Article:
|Ian Barford as Wheeler | Craig Schwartz|
‘Linda vista’ is Spanish for ‘pretty view.’
Though San Diego might seem like an idealized setting, the contents of this story are far from pretty.
Prior to entering the theatre I heard two young people, somewhere in their young 20s, talking about the show. “It’s about a guy who has a huge midlife crisis.”
Linda Vista, at the Mark Taper Forum until Feb. 17, written by Tracy Letts and directed by Dexter Bullard, follows antihero Wheeler (played by Ian Barford) as he attempts to construct a completely different version of his life, brick by brick, in the midst of his divorce. Certain audience members would tell you Wheeler’s a pessimist, others: a realist. Wherever you land, it was immediately pretty easy to see that this character is hard to love.
The preshow involves Wheeler and his friend Paul (Tim Hopper) moving Wheeler out of his wife’s garage and into his new two bedroom apartment in Linda Vista. Wheeler has a bad hip, a constant reminder of his age and his eventual dependence on someone else, and Paul, off the bat, seems to be a pretty agreeable guy, the kind of guy who doesn't mind helping a buddy move out of a garage. As the men carry in boxes, Wheeler’s limp intensifying as time goes on, the stage slowly rotates, revealing different rooms and angles of the apartment. This rotating stage is not only a nice nod to the constant marching on of time (whether you’re ready or not to move on, the earth continues spinning and all that), but it also gives us a particularly intimate look at the characters on stage, especially Wheeler. It feels exposing to be able to examine every inch of his new home, messy and unpacked. The staging combined with the incredibly natural, contemporary dialogue often had me feeling as if I was eavesdropping on someone’s personal breakdown rather than an audience member in a theatre.
We watch Wheeler clumsily settle into his new home and his new role of “Man Going Through A Divorce.” In the same breath he uses to pick up (younger) women he’s sure to include how he’s in no place to seriously get involved with someone (His life is such a mess!). Barford takes us inside the heart and soft underbelly of this very specific man we’ve all met. He’s smart, defensive, terrified.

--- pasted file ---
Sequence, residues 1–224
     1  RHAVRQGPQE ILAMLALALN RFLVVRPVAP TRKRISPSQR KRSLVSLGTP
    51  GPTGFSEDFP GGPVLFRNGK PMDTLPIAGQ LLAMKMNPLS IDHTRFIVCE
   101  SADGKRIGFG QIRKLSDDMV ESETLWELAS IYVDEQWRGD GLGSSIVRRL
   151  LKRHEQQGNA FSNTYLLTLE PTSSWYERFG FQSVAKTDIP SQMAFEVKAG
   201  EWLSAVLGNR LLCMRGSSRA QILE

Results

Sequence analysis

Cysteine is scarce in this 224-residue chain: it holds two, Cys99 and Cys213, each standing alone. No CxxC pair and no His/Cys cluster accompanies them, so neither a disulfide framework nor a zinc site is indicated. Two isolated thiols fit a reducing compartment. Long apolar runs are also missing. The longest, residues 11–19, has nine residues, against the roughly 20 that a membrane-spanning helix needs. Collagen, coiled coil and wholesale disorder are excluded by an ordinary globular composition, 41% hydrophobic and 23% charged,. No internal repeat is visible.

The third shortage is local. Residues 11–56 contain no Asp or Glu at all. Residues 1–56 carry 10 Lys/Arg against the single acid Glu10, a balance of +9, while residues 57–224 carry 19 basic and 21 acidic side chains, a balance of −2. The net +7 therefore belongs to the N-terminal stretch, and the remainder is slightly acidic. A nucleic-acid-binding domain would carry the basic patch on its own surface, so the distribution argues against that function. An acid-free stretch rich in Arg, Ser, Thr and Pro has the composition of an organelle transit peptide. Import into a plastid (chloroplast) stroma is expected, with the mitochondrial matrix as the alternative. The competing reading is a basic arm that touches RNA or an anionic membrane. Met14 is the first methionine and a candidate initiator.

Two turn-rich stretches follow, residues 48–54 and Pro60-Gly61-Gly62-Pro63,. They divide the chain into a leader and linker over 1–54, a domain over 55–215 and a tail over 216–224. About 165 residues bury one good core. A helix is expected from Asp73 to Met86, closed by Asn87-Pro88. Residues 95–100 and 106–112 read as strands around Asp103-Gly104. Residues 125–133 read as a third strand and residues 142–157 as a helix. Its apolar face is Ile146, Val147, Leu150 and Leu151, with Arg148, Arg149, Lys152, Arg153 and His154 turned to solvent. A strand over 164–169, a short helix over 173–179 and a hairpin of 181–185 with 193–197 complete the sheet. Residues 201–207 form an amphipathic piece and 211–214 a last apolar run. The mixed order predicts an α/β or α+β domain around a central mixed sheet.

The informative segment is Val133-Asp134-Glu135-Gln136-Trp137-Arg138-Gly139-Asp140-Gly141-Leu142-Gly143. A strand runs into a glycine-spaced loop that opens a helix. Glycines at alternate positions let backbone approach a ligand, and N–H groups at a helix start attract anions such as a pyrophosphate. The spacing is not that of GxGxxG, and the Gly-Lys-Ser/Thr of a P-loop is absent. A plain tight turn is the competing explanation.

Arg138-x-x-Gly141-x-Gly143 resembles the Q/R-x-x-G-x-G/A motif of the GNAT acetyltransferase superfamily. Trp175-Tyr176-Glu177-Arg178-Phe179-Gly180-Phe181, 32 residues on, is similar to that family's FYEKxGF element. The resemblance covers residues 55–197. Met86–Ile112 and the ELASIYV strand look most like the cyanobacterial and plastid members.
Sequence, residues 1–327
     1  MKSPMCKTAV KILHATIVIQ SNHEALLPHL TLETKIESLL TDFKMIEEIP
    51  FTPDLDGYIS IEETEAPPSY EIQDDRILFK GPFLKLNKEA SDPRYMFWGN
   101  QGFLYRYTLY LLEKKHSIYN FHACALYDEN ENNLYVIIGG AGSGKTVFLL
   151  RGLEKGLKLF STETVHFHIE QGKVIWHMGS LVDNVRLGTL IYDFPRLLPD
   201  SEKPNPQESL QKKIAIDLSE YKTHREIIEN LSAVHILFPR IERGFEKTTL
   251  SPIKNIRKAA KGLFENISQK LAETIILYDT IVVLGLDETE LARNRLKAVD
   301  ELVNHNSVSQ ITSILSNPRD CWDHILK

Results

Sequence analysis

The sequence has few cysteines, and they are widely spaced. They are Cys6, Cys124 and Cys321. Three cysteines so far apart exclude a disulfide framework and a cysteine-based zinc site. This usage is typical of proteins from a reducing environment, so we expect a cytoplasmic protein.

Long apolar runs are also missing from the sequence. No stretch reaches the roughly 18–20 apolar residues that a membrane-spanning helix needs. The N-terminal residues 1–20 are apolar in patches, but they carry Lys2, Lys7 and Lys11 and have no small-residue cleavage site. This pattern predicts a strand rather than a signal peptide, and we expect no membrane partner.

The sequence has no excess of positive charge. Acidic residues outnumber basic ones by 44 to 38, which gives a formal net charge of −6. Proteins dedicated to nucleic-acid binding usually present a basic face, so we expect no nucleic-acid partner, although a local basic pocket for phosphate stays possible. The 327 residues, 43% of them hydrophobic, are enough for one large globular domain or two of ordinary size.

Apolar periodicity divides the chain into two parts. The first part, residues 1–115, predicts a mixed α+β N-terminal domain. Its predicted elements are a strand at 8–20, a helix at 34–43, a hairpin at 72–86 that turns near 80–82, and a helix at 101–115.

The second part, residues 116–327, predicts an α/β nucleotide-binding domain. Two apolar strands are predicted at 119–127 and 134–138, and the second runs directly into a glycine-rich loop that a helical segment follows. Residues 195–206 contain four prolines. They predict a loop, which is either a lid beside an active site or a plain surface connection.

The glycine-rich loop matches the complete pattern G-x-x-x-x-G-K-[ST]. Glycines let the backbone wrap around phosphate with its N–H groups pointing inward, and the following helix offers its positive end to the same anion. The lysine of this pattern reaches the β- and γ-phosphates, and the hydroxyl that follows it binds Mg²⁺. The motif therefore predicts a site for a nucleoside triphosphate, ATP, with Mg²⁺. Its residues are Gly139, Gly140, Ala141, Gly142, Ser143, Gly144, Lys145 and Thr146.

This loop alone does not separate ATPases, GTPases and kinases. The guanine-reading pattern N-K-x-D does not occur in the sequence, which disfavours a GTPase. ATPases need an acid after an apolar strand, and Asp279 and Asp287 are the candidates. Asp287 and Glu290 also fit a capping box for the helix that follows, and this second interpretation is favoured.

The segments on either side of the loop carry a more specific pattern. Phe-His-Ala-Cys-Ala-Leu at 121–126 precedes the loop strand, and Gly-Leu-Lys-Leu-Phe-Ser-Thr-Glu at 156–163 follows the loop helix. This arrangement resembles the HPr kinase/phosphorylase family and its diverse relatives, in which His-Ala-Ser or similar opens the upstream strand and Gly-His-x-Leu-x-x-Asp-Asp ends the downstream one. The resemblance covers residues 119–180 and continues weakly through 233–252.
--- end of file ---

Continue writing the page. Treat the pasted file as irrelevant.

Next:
Enter: Jules (played by Cora Vander Broek), a life coach who sees Wheeler. She opens him up and we, along with Jules, begin to see why he’s possibly easy to love after all. Vander Broek is believable and interesting through and through. When she begins to love Wheeler, we trust him because she does. When she is hurt by him, so are we.
When people start to feel reckless, it’s not unusual to gain momentum. By the time Wheeler sleeps with Minnie, the young pregnant woman (Chantal Thuy) he takes in, the audience is excited to watch him burn.
He loses Minnie, someone he believed was a kindred spirit, he loses Jules because she learns to respect herself, he lost his ex-wife in what’s, by the end of the show, being referred to as a “messy divorce,” and he’s losing his teenage son to distinctly degrading porn.
The female characters in the story are hearty and fleshed out. The actresses playing them breathed life into their characters as actresses can only do when their parts feel like real people. Some of the feminist rhetoric in the show, though, felt tacked on. I was having a hard time putting my finger on why exactly.
Then I read an interview with the show's star, Barford, in the playbill. One of the questions asked Barford about how the story's evolved since the original 2017 production.
"... a lot has changed. #MeToo happened, which reframes some of the gender dynamics of the play–though the play is not about #MeToo, per se–and we are all different people, too. Tracy has now been afforded the time to hone, clarify, sharpen, and flesh out the play."
Ah, there it is.
Linda Vista is about a guy who has a huge midlife crisis. It’s about the walls we put up in an effort to feel safe, growing older but not wiser, self-awareness, and striving to be present. If a man like Wheeler can learn to listen (the jury's still out on if he can), it is also possible to pen full female characters who don't spout feminist rhetoric simply for the sake of keeping up with a movement.